GPU Emulation Stress Test
In graphics for virtual machines, one potential way to get good performance is to use the host's GPU hardware directly. This can involve the serialization of all graphics API calls (OpenGL, Vulkan, etc) from/to guest and host, because the guest usually resides in a different memory address space from the host and also the guest/host CPU ISA's often differ.
Such communication channels can suffer from overhead when there are many API commands issued per second. The GPU Emulation Stress Test measures the performance of graphics virtualization in the form of an Android NDK app that runs in the guest. It stresses the communication channel by issuing many draw calls per second, ramping up from just a few, to thousands per second (default ~1000 objects -> ~2 draw calls per object, one for shadow map writing and another for the final color -> ~2000 draw calls per frame).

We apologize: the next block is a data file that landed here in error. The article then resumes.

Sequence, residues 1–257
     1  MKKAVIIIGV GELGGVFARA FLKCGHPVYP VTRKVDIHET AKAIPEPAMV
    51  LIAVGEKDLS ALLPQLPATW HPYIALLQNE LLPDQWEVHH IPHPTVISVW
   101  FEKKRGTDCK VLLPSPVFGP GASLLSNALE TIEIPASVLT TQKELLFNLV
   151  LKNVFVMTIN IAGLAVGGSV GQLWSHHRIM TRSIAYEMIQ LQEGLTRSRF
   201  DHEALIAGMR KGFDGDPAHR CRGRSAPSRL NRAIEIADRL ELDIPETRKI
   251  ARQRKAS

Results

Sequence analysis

The number of objects can be adjusted to observe scaling behavior. There is also some degree of fillrate testing depending on the API level used, with the OpenGL ES 3.0 version stressing fillrate more due to more fullscreen effects:
- OpenGL ES 2.0: Bilinear-filtered shadow map with simple diffuse lighting.
- OpenGL ES 3.0: Motion blur and soft shadows with exponential shadow maps.